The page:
There are books that capture you; there are books that make you dream; there are books that haunt you way after you turned the last page.
Jennifer Niven’s All the Bright Places is all three.
Theodore Finch is both full of life and obsessed with death. His ability to see beyond everything both gives him a unique, rich taste of life, and marks him as a “freak” at school, a lonely role to say the least. His fascination with death encourages him to constantly think of the different ways he might die – including by his own hand. Violet Markey is alive, but her beloved older sister is dead, making her eager to escape the little town she still lives in, nursing an aching, almost overwhelming grief. College is around the corner, but death might be another way to get away from it all.
The two meet on the ledge of their school’s bell tower; who saves who is a matter of discussion, but the gentlemanly Finch acts as if Violet is the one who saves him to protect a reputation which until now has been spotless. But caught in the maelstrom he glimpses in her eyes, Finch insists (a little forcefully, perhaps) to be teamed up with her for a class project in which students have to discover the various wonders of their home state.
And while they do discover many an interesting thing very close to home, Finch and Violet discover that they are able to help one another grow. Around her, Finch can be himself in all his weird, funny, loud, not-really-a-freak-after-all way. Around him, Violet stops counting the days to her escape from Indiana, and instead starts living again, even managing to pick up the pen she had discarded after her sister’s death.
While Violet is a beautiful character, it’s Finch that captured me from the moment I started reading the book. There was something both unique and yet so painfully familiar about the different-than-the-norm teenager, one that any reader who didn’t fit the mould in high school, even in the slightest, will relate to. The portrayal of a young man struggling to “fix” himself because of one of the oldest reasons in the book (i.e. a girl) is also painfully familiar to anyone who has had even the shadow of doubt as to their worth as a partner.
Jennifer Niven not only managed to come up with a beautiful tale, she also put it to paper beautifully, crafting it into a magical tale. The words flow seamlessly; we travel from Violet’s mind to Finch’s mind as if in the same breath; and everything the author chooses to share, be it about her characters or their environment, pushes the plot forward. Nary an extra word made it between the covers of this book, which makes the story thoroughly absorbing, one of those that you cannot put down.
While greatly entertaining, All the Bright Places is also profoundly enlightening. The portrayal of both characters and the path they each have to walk on to become their better self warms the soul, but can also tear one’s heart into pieces, while, funnily enough, leaving in its wake a certain warmth. This is probably because the story encapsulates, with sometimes brutal honesty, many profound concepts – the meaning of life, the meaning of love, the different kinds of love, grief, and child abuse to name a few – that are approached with a sense of hope for a better future.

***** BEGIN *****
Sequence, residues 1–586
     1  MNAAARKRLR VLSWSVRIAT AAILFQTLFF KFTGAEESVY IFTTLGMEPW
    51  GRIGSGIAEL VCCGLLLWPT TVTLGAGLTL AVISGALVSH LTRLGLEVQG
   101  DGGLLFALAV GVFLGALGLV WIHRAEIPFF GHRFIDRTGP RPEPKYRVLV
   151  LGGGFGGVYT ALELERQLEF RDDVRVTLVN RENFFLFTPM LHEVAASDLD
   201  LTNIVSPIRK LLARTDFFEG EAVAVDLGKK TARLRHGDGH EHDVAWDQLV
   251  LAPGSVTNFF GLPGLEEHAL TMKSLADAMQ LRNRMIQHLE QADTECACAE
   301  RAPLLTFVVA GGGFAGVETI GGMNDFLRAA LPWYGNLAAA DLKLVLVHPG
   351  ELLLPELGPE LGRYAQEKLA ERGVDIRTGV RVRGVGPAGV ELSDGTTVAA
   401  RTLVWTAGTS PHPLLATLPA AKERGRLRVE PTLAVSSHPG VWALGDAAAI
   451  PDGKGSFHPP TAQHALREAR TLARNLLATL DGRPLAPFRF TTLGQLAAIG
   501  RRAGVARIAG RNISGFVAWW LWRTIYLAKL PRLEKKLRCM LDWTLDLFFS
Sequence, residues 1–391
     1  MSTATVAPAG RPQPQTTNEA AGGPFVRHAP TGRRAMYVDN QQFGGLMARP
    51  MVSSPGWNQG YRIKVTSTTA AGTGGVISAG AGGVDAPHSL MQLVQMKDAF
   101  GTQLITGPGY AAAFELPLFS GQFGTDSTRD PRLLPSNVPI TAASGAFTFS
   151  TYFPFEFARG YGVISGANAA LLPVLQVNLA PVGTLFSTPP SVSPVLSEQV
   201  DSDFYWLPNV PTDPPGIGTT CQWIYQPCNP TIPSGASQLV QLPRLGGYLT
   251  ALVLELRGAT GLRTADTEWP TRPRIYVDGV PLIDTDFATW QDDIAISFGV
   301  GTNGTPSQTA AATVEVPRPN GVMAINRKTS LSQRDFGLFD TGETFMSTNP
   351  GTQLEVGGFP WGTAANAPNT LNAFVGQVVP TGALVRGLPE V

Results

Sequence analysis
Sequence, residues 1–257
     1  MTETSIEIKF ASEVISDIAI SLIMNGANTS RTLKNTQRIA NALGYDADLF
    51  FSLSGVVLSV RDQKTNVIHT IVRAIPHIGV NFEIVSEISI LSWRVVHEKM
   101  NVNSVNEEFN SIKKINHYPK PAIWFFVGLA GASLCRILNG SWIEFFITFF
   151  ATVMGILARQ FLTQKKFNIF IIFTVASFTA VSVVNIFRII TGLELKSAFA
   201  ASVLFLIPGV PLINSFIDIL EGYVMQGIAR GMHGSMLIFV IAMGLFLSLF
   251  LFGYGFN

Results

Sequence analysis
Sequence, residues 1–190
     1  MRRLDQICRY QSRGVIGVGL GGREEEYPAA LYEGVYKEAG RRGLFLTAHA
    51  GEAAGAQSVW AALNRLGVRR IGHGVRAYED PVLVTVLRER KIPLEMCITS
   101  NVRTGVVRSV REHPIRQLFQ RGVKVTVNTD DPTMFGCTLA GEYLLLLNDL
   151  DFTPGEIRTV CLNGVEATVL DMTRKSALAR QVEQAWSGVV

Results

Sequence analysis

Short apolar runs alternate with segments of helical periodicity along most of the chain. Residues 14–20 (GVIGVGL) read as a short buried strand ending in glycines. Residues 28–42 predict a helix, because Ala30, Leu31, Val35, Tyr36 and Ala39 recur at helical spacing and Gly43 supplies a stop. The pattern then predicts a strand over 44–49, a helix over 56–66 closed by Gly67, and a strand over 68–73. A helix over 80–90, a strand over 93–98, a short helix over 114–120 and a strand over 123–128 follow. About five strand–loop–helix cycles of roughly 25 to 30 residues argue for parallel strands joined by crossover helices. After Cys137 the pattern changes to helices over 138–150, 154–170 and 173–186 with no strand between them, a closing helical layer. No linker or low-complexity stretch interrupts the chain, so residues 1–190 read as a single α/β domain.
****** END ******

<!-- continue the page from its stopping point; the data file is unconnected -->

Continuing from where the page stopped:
Now I have to warn you that while I do not spell out any spoilers, you will probably guess the ending of the book by the time you finish reading this review. So if you do not like spoilers, skip the rest of this review except for the last paragraph.
What I appreciated the most was getting into Finch’s head. As Niven discusses in the “Author’s Note”, there is a lot of stigma associated with suicide. The blessing one has of not understanding why someone would commit suicide should not be translated into a lack of empathy for those who are intimately familiar with the feeling. With touching, honest books like All the Bright Places, we are welcomed into a world that many of us do not live in, but all of us should be familiar with. Because we are all part of a community where suicidal ideations and suicide attempts surround us.
As a writer myself, I also appreciated All the Bright Places because it’s the kind of book I would love to write. It both sweeps you away into a different world and expands your mind on an important topic which the reader gains a better appreciation for. Because of this increased understanding, readers will hopefully be better equipped to help a friend or a family member with suicidal ideation. The power that fiction has to both entertain and enlighten is the reason I write.
In her acknowledgements, the author discusses how she wrote this book as a way to channel the pain cause by two suicides that affected her directly. The first was that of her great-grandfather, the second that is someone she describes as a boy she loved whose body she discovered. This book seems to be her gift to these two people and to those around them who suffered as a consequence of their deaths.
A page turner that will capture you the moment you meet Finch, All the Bright Places will leave you with a broader understanding of what a person labelled as “freak” might be going through and how, perhaps, we might be able to help them by seeing them as people just like us trying to fill all the places in their life with light. Touching, beautiful, heartbreaking, and haunting, Finch and Violet will follow you around long after you have turned the last page of the book that brings them beautifully to life.
More information about Jennifer Niven is available on her website.[amazon template=iframe image&asin=B00LKJHTB8]